26. Harsh Vora

    In fact, if there are no laws to prevent artists or other people from severely insulting/hurting the religious sentiments of others, then there would be even more chaos. Today, the Christians have hurt Muslims by denigrating the picture of Mohammed. If proper action is not taken against them, then tomorrow, the Muslims will attack Americans (Christians) in some other way. In such a case, there is no other way but for the laws to interfere and put behind bars any person who commits such an act.
     
    Remember, violence is not ONLY physical. It can be emotional as well.

     
  27. Sanjeev Sabhlok

    Dear Harsh

    You are unfortunately incorrect. I’m not denying that there must be a due process, but in the end SOMEONE – a real human being – has to kill. I would HAPPILY kill heinous murderers once authorised. I am expecting Baba Ramdev to happily kill, PERSONALLY, once such authorisation is provided by the law. If he is unwilling to kill personally, then he (or you) should not advocate such a law. I think his advocacy is wrong in many ways, but it would be even more wrong if he advocates something he can’t or won’t implement personally.

    Second, re: laws against artists: I’ve advocated clear solutions in the article referred to above. Let civil cases be instituted by those who feel wronged.

    Regards
    Sanjeev

     
  28. Harsh Vora

    I am not sure (being an uninformed student myself) whether Baba Ramdev would personally execute such criminals on authorization, and therefore I am unable to comment on that. I personally think he would be willing to do so, if authorized by the law — because committing small violence for the prevalence of greater non-violence is legit. By executing a single person to save thousands of cows would be appropriate.
     
    re: laws against artists:If you indeed allow civil cases to be filed by those who feel wronged, then how possibly will they get justice, if there exists no law at all to protect their religious sentiments from being trampled by the so-called artists?

     
  29. Sanjeev Sabhlok

    Dear Harsh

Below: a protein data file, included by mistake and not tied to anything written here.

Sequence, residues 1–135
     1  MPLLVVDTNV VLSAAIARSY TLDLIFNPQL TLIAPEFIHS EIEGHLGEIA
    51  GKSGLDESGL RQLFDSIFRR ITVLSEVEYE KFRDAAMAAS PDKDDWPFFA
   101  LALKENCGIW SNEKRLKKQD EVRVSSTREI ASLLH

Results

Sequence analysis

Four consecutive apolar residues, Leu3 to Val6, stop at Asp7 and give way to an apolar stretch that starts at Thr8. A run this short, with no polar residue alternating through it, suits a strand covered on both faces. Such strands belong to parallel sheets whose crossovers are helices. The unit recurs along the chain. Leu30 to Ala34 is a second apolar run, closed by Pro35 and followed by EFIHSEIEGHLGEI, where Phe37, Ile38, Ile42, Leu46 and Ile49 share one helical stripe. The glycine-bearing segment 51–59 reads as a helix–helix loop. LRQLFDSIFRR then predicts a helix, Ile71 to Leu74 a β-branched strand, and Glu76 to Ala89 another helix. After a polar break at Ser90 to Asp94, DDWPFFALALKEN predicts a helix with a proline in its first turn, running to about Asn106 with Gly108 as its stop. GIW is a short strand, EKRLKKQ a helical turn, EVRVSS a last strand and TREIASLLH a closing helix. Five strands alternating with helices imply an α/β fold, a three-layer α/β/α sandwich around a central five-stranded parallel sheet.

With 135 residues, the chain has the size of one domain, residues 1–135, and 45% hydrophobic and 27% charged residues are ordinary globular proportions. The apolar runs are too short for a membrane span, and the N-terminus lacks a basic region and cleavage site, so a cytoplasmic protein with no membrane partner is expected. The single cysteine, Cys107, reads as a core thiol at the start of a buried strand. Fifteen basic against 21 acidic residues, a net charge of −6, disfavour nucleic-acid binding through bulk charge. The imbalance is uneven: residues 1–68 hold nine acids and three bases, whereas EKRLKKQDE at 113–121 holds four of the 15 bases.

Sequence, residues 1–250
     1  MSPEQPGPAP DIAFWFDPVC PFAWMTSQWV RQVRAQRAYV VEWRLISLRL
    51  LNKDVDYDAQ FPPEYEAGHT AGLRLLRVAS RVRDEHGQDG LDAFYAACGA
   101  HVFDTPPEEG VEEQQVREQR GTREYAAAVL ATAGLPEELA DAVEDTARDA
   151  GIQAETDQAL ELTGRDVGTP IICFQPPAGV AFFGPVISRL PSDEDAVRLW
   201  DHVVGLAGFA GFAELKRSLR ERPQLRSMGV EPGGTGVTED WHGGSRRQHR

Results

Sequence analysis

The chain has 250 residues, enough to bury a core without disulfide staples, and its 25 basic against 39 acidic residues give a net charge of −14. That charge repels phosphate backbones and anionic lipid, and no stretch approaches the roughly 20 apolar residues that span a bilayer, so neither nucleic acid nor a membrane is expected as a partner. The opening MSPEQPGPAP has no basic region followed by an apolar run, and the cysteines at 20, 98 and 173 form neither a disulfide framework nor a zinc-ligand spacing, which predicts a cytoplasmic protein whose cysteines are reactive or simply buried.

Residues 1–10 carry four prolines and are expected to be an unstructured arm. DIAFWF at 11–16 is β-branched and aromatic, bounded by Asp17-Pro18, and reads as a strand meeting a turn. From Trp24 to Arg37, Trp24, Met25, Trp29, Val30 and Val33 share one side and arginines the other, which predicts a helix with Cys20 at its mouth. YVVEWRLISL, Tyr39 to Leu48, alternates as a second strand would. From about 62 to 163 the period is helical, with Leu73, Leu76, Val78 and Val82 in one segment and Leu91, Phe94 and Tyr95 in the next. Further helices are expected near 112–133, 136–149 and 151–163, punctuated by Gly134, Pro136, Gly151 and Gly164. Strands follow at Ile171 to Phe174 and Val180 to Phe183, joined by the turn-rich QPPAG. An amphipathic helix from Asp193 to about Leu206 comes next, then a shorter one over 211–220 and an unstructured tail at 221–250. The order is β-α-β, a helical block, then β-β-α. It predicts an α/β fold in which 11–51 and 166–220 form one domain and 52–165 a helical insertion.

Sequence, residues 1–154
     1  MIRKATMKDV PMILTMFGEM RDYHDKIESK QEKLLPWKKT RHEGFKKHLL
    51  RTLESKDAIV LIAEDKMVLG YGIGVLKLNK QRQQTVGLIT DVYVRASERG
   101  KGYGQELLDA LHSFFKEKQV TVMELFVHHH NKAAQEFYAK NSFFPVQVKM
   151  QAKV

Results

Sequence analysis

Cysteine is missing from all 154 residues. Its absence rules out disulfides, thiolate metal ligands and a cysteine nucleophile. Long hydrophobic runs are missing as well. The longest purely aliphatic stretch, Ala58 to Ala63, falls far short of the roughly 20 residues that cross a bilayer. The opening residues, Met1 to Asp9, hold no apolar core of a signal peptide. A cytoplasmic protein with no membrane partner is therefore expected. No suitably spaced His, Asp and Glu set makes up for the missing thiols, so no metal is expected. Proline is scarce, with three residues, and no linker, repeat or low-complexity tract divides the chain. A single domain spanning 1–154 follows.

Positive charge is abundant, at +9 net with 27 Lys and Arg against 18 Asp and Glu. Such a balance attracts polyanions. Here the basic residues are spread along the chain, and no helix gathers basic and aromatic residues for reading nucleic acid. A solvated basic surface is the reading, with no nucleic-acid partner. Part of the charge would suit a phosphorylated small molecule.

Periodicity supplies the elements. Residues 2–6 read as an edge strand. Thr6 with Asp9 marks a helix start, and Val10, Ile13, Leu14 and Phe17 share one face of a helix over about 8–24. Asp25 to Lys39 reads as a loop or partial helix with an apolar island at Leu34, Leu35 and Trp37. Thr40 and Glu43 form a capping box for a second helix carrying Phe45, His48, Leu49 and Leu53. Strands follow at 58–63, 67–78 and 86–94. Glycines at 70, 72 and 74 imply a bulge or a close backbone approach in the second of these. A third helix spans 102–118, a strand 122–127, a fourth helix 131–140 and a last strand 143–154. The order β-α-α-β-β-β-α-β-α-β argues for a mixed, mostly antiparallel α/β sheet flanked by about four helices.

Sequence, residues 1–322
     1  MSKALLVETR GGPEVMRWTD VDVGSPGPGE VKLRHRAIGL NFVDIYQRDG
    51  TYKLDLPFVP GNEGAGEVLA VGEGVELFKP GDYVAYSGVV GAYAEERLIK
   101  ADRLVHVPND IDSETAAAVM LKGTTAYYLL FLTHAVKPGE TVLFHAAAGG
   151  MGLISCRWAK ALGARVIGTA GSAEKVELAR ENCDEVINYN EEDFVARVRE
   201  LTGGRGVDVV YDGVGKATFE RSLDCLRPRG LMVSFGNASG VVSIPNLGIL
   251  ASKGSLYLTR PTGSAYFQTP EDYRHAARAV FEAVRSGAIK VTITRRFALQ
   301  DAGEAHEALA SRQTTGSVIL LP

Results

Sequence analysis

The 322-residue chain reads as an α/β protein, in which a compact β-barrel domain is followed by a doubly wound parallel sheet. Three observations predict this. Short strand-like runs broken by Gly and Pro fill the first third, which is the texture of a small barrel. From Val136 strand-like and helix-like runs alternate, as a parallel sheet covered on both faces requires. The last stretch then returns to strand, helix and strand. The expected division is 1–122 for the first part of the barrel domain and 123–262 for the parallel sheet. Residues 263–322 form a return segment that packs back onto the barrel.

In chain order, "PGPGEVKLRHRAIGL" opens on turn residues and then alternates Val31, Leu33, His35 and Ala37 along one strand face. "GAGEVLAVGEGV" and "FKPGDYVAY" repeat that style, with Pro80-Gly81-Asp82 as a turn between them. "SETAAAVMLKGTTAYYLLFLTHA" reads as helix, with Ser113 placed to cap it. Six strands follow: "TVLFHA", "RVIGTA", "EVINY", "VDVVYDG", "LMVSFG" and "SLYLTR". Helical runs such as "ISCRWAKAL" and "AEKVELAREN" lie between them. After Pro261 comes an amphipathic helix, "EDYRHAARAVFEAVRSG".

Fine, that clears the air – that Baba Ramdev will personally kill someone who kills a cow (why thousands? is there a minimum number involved – I wasn’t sure if there was). So how about accidental killing, what about killing with proper care (e.g. in a modern abbatoir), and what about heinous killing (i.e. killing with torture)? Are they all the same?

    Second, the issue of harm is clear. I’ve explained at great length in DOF. It must be objectively demonstrable. You must suffer symptoms of loss of sleep, or whatever it is. Won’t go into details. See DOF. There is no general crime of hurting religious sentiments. What does it mean? What does it lead to? Loss of sleep? That is that harm. And people can claim damages for such harm.

    Btw, I’ve got to stop this discussion now. Please read DOF fully and provide comment on that book, for all these issues are fully covered in that book. My blog is less important than my book.
    Regards
    Sanjeev

     
  30. Harsh Vora

    Sanjeev – This is my view. I haven't consulted Baba Ramdev on what he would do or won't on such an issue. So, please keep his personal views and my views separate on this, as of now.
     
    I know this: He is a strong adherent of dharma. This dharma involves many forms, such as pitru-dharma, matru-dharma, putra-dharma, acharya-dharma, etc. He is a sannyasi and he has to follow his sannyas dharma first. Given this, he may not kill anyone. However, if you or I were given authorization by the law, I believe he would agree that we can execute criminals.
     

     
  31. Sanjeev Sabhlok

    That’s fine, Harsh. Let’s move on now.

    The point I was clarifying has been at least partially clarified, that in the minds of some people (could be you, could be Baba Ramdev), a human that kills a cow is a CRIMINAL worthy of being killed. That means, since this law is not in place today, that you and the Baba will have to launch an army to first kill 80% of the world population, since 80% eat beef. (Or only Indians must be killed first?)

    I’m not saying that’s what is going to happen (or whether anyone will join such an army) but you see, what you’ve done is to go down the path of EXTREME violence in order to impose your religious views! That’s what I said a moment ago: “Men never do evil so cheerfully and so completely as when they do so from religious conviction.” Your religious conviction leads you the MOST EXTREME evil.